titanic_data[(titanic_data['Pclass'] == 3) & (titanic_data['Age'] >= 30)]

You can also apply the prebuilt Python function for numerical and string filtering such as isin(), between(), str.contains(), isna(), str.startswith(), and str.endswith(). For example, selecting the rows from the original titanic dataset where the Name starts with K looks like this:

# filter data based on prebuilt methods

Finally, you can also use the query() method to fetch data based on conditions similar to what we do in SQL but direct expressions. For example, selecting the Age>= 30, the code will be:

# fetch data with query method

Basic Data Exploration

By now, you’ll start to understand your data and its different attributes. You can now go deeper into the exploration and try out a few concepts like value counts, grouping, and aggregations.

Value Counts Function

Checking the frequency of values in a column is a very common practice used for data analysis. When working on machine learning use cases, sometimes your data may be imbalanced, and the value_counts() method help you determine the ratio of target classes. It provides the count of unique values in a column. An example of calculating the value counts in the Sex column of titanic data will look like this:

# check the frequency of values in Sex column

You can also calculate the multi-index value counts in the dataset. For example, based on Pclass the distribution of Age feature values can be calculated as follows:

# multi index value counts
titanic_data[['Pclass', 'Age']].value_counts()

Grouping Data and Aggregation Functions

Sometimes you might also need to group the data based on different statistics such as mean, sum, and median that reveal a lot of hidden patterns in the data. Pandas groupby() method helps you group the larger set of data and allows you to perform different operations on it. To use the groupby() method, you need to provide the feature name or a list of feature names and an aggregate function based on which the data will be grouped together. For example, if you want to group the titanic data based on the Sex column and with mean() aggregation, you can do so as follows:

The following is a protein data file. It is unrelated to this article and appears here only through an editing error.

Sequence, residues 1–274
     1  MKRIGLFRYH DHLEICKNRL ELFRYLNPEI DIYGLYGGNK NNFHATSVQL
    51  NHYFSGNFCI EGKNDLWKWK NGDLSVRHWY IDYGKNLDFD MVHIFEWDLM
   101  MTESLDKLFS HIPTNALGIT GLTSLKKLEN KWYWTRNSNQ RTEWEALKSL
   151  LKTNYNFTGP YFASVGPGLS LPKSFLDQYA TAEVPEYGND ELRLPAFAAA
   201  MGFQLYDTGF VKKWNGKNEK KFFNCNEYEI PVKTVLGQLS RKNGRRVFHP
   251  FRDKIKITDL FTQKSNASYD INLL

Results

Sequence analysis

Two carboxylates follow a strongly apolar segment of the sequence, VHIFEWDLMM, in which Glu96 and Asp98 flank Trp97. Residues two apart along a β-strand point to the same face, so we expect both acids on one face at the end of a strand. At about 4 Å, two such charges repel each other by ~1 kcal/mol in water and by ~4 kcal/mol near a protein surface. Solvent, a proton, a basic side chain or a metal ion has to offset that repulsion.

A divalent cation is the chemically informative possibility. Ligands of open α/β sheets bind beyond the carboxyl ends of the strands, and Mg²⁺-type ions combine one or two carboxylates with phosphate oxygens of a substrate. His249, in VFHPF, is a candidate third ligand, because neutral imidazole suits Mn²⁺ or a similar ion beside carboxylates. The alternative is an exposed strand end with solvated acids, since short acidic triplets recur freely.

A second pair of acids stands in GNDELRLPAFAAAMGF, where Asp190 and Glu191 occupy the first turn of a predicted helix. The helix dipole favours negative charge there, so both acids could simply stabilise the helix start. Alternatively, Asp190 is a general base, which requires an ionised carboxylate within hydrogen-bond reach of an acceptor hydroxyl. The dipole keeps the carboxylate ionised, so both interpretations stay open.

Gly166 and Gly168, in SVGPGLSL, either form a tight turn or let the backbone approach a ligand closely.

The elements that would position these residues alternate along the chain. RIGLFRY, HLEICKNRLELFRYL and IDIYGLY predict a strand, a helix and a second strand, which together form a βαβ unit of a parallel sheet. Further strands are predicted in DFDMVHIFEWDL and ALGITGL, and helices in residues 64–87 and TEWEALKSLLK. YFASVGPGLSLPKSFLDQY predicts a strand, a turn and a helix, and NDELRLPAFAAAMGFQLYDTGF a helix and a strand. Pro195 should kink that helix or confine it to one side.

## Group data by sex in titanic dataset

With groupby, we can see that the mean value of women surviving the Titanic crash is 1. This is true, as most women on board survived the incident (though shows the limitations of mean as a central statistic). Grouping data can also be multi-index where you can group data based on two or more categories.

## Group data by sex in titanic dataset
titanic_data.groupby(['Sex', 'Pclass']).mean()

Pandas also provides you with the facility to create graphs and plots directly with the dataframe. For example, if you want to create a bar plot with the aggregated data, you can show it by calling the plot() method as follows:

# plot the distribution

We’ll look more at visualizing data in Jupyter in a later article.

Conditional grouping is also possible using the loc[] function in Pandas. In the loc[] function, first provide the filtering condition and then provide the groupby conditions as follows:

# conditional groupby
titanic_data.loc[titanic_data['Age']>25, ['Pclass', 'Survived']].groupby(['Pclass', 'Survived'])['Survived'].count()